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IBM Sees SOAs, Web Services Snowballing

After years of hashing out standards and acquiring various software bits, IBM is looking to extend its technology for Web services and service-oriented architectures (SOAs) to its massive services division, company officials told internetnews.com recently.

This spring the Armonk, N.Y. company will make product and services announcements regarding its progress in tying Web services and SOAs to business processes. It's part of an effort to get its new technologies out to the public sector, said Bob Sutor, director of marketing, WebSphere Software Foundation, at IBM.

The move is indicative of how far Web services, which allow applications to talk to one another to conduct simple and complex transactions, and SOAs, which describe a more general method of fundamentally distributed computing, have come since a marketing explosion in 2000 begat copious trade press coverage.

"What we'll really be focusing on over a several month period is SOA, Web services, and the real business problems they is solving for our customers and what we're doing today, so sprinkled in there will be some product news," said Sutor, who wouldn't provide specifics. "There's going to be a lot of news around educational training. There's going to be a lot of news about what we're doing in services."

Sutor said Web services and SOAs have simmered and stewed for the last few years because of the ailing economy, but noted that general improvements in financial outlooks have mobilized IBM to turn the software architectures, grounded in IBM's WebSphere middleware portfolio, over to the company's IBM Global Services (IGS) division.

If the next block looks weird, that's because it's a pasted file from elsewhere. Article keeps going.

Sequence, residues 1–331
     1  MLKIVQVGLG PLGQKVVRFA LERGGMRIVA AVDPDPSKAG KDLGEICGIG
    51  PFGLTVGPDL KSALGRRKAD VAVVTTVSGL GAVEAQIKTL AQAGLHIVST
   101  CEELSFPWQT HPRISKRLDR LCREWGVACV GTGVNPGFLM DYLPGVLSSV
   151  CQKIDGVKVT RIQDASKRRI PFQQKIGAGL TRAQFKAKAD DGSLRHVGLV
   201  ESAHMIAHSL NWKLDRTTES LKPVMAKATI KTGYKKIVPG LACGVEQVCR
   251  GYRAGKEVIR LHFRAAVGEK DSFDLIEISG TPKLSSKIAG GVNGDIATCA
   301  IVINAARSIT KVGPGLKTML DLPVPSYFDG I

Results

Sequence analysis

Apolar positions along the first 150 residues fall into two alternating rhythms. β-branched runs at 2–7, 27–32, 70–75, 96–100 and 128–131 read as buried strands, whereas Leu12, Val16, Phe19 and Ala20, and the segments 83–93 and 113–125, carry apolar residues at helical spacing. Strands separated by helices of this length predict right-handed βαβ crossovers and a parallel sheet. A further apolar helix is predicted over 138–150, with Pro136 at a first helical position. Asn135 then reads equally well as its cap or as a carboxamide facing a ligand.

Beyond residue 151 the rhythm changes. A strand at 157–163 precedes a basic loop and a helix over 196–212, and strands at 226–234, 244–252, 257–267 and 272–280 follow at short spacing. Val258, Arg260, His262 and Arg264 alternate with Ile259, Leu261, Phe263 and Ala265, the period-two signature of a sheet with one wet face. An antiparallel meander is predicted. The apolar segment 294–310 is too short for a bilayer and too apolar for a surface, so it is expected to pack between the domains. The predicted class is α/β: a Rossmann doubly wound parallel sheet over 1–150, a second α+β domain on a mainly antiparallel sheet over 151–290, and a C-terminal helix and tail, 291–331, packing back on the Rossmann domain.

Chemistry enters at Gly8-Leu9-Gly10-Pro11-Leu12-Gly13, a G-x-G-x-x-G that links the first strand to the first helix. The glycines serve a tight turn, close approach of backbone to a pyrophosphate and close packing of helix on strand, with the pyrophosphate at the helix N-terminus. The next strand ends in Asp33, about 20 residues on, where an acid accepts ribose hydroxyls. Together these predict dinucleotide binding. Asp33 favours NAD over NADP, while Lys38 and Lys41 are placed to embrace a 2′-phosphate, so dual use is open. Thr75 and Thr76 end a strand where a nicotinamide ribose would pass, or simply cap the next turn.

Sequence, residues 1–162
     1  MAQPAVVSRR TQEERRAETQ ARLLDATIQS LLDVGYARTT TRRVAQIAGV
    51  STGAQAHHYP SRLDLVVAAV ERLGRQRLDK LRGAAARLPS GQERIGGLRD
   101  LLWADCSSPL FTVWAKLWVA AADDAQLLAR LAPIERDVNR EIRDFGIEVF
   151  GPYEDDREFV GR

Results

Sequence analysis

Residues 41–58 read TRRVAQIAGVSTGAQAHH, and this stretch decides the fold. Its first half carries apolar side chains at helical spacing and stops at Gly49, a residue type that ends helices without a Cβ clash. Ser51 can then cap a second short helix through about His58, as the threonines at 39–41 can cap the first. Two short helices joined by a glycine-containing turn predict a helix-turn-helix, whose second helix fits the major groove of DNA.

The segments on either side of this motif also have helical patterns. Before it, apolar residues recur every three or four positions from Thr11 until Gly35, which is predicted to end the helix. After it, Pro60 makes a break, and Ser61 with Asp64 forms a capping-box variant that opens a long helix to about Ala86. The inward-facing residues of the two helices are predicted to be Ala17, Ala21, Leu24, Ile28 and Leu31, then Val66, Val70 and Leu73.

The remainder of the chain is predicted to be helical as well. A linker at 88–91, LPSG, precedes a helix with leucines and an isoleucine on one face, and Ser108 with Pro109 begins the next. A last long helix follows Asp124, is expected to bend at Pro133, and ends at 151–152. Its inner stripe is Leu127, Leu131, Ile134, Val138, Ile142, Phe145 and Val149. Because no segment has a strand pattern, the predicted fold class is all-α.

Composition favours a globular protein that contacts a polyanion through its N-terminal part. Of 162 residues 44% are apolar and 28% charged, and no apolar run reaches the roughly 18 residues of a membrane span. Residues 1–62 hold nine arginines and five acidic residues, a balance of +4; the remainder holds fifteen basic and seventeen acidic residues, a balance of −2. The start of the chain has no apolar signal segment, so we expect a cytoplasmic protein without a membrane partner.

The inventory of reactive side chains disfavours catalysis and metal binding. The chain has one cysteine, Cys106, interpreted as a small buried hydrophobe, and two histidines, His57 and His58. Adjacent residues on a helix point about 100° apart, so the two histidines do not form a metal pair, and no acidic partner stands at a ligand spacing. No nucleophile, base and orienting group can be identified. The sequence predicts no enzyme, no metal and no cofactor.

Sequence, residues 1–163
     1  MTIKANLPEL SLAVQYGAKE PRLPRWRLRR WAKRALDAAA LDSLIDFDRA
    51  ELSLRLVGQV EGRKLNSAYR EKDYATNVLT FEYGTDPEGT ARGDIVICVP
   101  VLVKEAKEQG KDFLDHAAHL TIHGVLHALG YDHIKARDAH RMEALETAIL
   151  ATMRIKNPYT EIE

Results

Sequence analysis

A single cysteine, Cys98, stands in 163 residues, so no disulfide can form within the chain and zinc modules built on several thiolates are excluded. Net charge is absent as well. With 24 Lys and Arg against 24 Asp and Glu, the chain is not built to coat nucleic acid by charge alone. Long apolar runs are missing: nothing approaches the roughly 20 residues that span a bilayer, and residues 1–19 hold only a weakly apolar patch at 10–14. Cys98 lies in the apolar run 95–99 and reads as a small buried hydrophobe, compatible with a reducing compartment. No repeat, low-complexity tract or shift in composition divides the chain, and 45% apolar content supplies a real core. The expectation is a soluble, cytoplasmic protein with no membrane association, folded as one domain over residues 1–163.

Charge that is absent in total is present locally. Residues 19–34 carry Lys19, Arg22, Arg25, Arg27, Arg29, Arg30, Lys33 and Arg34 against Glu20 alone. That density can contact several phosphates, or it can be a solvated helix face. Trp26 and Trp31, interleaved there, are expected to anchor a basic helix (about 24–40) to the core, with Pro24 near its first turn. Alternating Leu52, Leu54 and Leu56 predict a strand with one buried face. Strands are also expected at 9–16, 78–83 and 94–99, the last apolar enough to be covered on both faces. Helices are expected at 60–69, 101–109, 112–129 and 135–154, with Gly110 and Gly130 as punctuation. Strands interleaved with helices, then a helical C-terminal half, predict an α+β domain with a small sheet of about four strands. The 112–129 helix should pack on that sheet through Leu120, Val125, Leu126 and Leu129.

Ultimately, IBM aims to serve Web services in an on-demand fashion, consistent with its company-wide mission. This is where Michael Liebow, general manager of Web services for IGS, comes in to play.

Liebow said customers can take comfort in the fact that standards such as WS-Security have now been approved, and that Business Process Execution Language for Web Services (BPEL) is in the works. These, he said, will pave the way for wider adoption of Web services and help vendors tie those services and software to business processes.

Liebow said IBM sees the evolution of Web services and SOAs in four levels.

"In level 1, they're doing little point-to-point Web services, they're downloading an SDK [software developer kit] from [IBM developer site] developerWorks," Liebow said. "When they get to a certain critical mass -- that's level 2 in our view -- there's this notion of service-oriented integration where they start to expose applications that are being connected to other applications and they create a flow of info that wasn't there before without ripping out old applications.

Service-oriented integration, as opposed to enterprise application integration or business process management, is where Liebow said the market is today. In level 3, SOA becomes an enterprise deployment.

"The fourth level is this notion of on-demand transformation," Liebow explained. "How are you going to align the products from the software group and other services to help customers at any level? We're trying to invest in those capabilities."

Redmonk Senior Analyst Stephen O'Grady said vendor offerings and architectures have evolved significantly in relation to the opportunity, and agreed with Sutor and Liebow that requisite standards around security, etc., are maturing and finally reaching prime-time status.